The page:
People who work with agile methods are used to visual kanban boards and how to manage them to improve workflow.

For example the kanban board below:

  • To do – all items that need to be worked on
  • Doing – items we are currently under work
  • Done – items we have already completed the work

There is a diagram that we use to understand and act in improving the workflow. This is the cumulative flow diagram, or CFD for short.

In the CFD we are able to visualize some parameters about the workflow. We are able to visualize the correlation between the number of items being worked on and the time they take in the Doing stage.

The number of items being worked on (itens in the Doing stage) is called WIP, short for Work In Progress. Whereas the time elapsed by an item in the Doing stage is called the Lead time.

You can see both parameters — WIP and Lead time — in the CFD.

WIP on the CFD

lead time on the CFD

WIP is proportional to the average lead time. In other words, the higher the WIP, the greater the average lead time. This correlation is called Little’s Law (this correlation was described by John Little in 1961). This correlation is visible at the CFD.

In agile projects, we pay close attention to this correlation. We want to deliver fast. For this, we limit WIP to reduce the average lead time.

Now, instead of thinking about a visual kanban for work itens, let’s think about a visual kanban about the COVID-19 pandemic.

Instead of the To Do -> Doing -> Done stages, consider the following stages for the COVID-19 flow:

Never been infected -> Infected and Infecting others -> Already had and is no longer infected

Where:

  • Never been infected – it is the entire population that has not yet been infected.
  • Infected and infecting others – it is the population that already has the virus, whether they know about it or not. It is people who may be infecting others, until they are no longer with the virus.
  • Already had and is no longer infected – it is people who have had the virus and no longer have it.

Below I share the CFD charts for two scenarios: the first with effective social isolation from week 7 and the second with effective isolation from week 3.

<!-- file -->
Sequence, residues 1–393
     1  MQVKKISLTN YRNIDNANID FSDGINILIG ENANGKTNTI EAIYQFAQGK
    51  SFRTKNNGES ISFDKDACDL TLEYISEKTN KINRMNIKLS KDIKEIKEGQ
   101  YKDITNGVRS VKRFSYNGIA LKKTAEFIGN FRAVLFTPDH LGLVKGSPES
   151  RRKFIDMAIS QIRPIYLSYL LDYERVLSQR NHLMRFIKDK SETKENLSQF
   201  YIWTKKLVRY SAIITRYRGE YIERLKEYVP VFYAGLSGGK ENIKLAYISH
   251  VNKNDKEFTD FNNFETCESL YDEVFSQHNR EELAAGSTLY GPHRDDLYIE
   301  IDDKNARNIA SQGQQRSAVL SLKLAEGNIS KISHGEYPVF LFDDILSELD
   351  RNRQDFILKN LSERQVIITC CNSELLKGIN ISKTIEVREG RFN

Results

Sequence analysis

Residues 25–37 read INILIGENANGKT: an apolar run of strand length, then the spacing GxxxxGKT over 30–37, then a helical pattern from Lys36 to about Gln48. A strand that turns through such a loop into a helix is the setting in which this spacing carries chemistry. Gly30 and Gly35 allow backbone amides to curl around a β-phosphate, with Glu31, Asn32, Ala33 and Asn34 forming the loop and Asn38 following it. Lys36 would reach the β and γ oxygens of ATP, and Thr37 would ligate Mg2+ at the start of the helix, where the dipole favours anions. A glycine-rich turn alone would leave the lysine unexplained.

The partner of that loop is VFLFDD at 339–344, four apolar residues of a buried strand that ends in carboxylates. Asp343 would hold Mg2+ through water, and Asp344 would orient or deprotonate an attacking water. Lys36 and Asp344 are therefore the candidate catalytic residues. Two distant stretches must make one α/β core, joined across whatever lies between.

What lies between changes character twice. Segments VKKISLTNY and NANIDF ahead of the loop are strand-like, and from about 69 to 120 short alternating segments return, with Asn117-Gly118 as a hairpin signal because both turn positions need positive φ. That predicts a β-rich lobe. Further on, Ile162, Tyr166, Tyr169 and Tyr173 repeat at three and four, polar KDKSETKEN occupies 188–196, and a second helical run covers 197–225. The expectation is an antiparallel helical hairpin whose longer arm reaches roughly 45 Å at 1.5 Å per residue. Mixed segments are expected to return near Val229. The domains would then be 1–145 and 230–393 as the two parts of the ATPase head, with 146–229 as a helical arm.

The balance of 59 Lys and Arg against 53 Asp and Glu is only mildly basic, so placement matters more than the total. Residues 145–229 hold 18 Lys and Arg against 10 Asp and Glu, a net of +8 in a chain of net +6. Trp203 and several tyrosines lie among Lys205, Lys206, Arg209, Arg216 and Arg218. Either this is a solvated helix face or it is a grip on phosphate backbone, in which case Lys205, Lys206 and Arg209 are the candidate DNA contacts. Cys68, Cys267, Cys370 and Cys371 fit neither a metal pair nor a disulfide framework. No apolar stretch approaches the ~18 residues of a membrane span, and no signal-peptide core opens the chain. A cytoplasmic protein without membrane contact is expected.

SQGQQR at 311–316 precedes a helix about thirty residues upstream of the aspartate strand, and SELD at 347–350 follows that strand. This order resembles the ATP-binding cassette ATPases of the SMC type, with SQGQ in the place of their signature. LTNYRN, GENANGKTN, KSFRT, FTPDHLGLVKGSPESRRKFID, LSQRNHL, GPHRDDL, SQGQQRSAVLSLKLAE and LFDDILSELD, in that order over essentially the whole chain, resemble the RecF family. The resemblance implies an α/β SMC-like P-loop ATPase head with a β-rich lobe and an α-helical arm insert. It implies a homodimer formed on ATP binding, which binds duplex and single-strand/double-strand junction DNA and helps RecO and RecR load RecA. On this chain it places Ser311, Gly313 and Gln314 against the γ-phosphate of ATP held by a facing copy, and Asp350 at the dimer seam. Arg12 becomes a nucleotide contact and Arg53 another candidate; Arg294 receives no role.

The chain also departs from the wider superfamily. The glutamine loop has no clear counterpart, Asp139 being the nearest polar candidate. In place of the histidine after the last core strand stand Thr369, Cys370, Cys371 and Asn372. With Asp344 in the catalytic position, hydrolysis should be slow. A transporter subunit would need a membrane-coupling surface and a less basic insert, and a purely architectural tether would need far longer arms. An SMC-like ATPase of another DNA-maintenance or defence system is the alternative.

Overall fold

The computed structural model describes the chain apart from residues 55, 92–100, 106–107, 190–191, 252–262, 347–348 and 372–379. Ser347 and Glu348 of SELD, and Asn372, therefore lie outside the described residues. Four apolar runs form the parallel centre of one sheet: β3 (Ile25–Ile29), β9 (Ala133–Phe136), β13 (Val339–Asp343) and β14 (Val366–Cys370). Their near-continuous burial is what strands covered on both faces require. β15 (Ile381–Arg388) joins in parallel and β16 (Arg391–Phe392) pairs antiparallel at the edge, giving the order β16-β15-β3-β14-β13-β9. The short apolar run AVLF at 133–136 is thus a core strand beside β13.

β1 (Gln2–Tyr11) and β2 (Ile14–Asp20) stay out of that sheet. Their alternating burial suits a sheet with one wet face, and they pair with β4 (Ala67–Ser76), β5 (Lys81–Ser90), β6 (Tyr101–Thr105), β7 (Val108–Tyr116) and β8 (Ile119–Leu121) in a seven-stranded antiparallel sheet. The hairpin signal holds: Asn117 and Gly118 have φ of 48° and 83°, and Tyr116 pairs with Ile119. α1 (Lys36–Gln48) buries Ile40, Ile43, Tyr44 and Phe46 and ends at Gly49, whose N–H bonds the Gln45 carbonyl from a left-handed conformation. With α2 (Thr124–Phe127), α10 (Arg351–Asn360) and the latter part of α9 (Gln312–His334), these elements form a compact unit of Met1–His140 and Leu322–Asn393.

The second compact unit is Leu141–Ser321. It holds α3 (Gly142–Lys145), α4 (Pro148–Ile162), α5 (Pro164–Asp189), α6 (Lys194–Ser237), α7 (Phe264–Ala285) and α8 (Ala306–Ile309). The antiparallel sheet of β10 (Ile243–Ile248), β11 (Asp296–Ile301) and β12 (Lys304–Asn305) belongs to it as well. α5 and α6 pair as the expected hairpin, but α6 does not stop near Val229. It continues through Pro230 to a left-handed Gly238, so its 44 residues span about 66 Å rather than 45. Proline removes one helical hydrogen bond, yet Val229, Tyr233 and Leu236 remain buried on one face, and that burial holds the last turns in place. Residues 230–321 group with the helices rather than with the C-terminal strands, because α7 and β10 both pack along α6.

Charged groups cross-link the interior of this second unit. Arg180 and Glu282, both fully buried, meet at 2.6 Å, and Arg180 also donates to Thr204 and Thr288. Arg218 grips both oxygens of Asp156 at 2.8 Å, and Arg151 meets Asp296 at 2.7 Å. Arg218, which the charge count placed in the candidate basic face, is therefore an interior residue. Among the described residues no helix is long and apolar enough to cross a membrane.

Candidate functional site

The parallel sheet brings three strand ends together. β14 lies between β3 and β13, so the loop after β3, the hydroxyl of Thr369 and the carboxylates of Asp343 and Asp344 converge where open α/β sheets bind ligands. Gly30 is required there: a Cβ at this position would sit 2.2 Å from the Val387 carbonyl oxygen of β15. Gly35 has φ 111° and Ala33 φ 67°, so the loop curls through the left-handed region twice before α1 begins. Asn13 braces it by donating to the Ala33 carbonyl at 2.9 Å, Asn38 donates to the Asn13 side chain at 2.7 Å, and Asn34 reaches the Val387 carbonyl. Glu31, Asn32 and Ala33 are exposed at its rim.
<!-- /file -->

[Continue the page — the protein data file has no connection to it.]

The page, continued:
I am not an expert on COVID-19, but I describe below the considerations made to generate the graphs for both scenarios:

  • Consider that 4 weeks after the person is infected, the person does not infect anymore, that is, the person moves from the Infected and infecting others stage to the Already had and is no longer infected stage.
  • Consider a condominium of houses with a total population of 200 inhabitants.
  • Consider that the expansion of the virus is exponential until isolation occurs; that is, if in week 1 there are 2 cases, in week 2 there will be 4 cases, in week 3 there will be 8 cases, and so on.
  • Consider that once the isolation occurs, there are no more new cases, that is, there are no more people going from the Never been infected stage to the Infected and Infecting others stage.

Scenario 1 – effective isolation from week 7

Week – Never been infected – Infected and infecting others – Already had and is no longer infected

week 1 199 1 0
week 2 198 2 0
week 3 196 4 0
week 4 192 8 0
week 5 184 15 1
week 6 168 30 2
week 7 136 60 4
week 8 136 56 8
week 9 136 49 15
week 10 136 34 30

In the graph, the blue area shows, week by week, the number of people in the Never got infected stage; the brown area, the number of people in the Infected and infecting others stage. The gray area depicts the number of people in the Already had and is no longer infected stage . The blue arrow shows the moment when isolation occurs, after which there are no new cases of infection.

Scenario 2 – effective isolation from week 3

Week – Never been infected – Infected and infecting others – Already had and is no longer infected

week 1 199 1 0
week 2 198 2 0
week 3 196 4 0
week 4 196 4 0
week 5 195 4 1
week 6 198 0 2
week 7 196 0 4
week 8 196 0 4
week 9 196 0 4
week 10 196 0 4

 

If you are not familiar with agile methods, I don’t expect you to understand the theory behind this example and the CFD, but I imagine that you recognise very different results in the two graphs depending on when the WIP limit starts (blue arrow in the images above). I hope I have helped you to understand that, with social isolation, we limit WIP.

The lower the WIP (number of people currently infected and infecting others), the less time we have to get through this pandemic period.

WARNING: I am not a doctor, virologist, politician or economist. I’m just an agile specialist sharing about the CFD. This post is not intended to encourage, defend and / or go against any point about medicine, politics or economics.

 

 

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